Christian dating practices
The Didache is written from the view point of a community leadership that distrusts, and yet respects, Christian prophets, one that wishes the prophets to leave town as quickly as possible, yet would have them welcomed in town when they arrive.The Pastoral and Petrine epistles stem from a slightly later time, when authority in the Christian movement was based on the prerogatives of office rather than on prophetic powers." Crossan observes the following on the text of the Didache (The Birth of Christianity, p. The Didache, then, was a small text, fifth among others mostly larger than itself, lost in a small library in the Fener section of Istanbul, halfway up the west side of the Golden Horn.Despite small differences, the wording on those scraps is very close to Byrrenios's text.That is very important confirmation for the basic accuracy of Codex Hierosolymitanus 54, given the gulf of centuries between it and the earlier fragments. Mirecki offer a photographic reproduction along with an excellent transcription, translation, and commentary on this document.It does not really remove many "difficulties" in the logical flow of the text, and it hardly leaves an adequate ending for the writing. Crossan comments on the provenance of the Didache (op. They noted that the text is addressed to "rural communities of converted pagans" (98).To these points, Crossan adds the consideration that the reading of the Coptic text of is likely to be secondary, while the Greek text is more difficult and earlier, and that this "would render doubtful Patterson's proposal that the Coptic fragment represented an earlier and shorter edition of the Didache" (op. It "reveals a Christianity established in rural communities who have broken with the radicalism of earlier converts" (100).Comparison of the "Two Ways" section with several other "Two Ways" documents suggests that Didache 1-6 is itself the result of multistage editing.The document began with rather haphazard organization (cf.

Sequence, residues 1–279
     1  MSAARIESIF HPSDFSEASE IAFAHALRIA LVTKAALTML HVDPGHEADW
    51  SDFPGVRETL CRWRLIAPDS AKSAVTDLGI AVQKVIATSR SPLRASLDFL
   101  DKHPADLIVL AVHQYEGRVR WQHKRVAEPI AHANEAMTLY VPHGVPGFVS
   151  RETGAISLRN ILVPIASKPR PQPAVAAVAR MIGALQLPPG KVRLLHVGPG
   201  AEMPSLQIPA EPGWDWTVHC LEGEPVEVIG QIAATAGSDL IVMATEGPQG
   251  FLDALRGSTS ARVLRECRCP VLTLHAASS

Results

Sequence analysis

This helps to explain the similarities and differences between the two ways in Didache, Barnabas, Doctrina, and elsewhere (e.g., Goodspeed 1945; Rordorf 1972).A Coptic papyrus containing Didache 10:3b-12:2a, dated to the end of the fourth or start of the fifth century, was bought in 1923 for what was then the British Museum and catalogued as British Library Oriental Manuscript 9271. They conclude that "this sheet was originally cut from a roll of papyrus in order to serve as a double-leaf in a codex," but instead it was used "as a space for scribal exercises" (87).It was, in other words, a rather casual copying of that section of the Didache for purposes of writing practice.The following two points speak against this assumption: 1) There are no decorations which mark the end of the text. It may stem from the consensus of rural households rather than the authority of urban patrons.2) The proposed elimination of all of the material after Did 12.2a is a rather radical solution to the open question of the disposition of the Didache. Willy Rordorf and Andre Tullier, writing in a major French series, located the Didache in northern Palestine or western Syria, but not in the capital city of Antioch.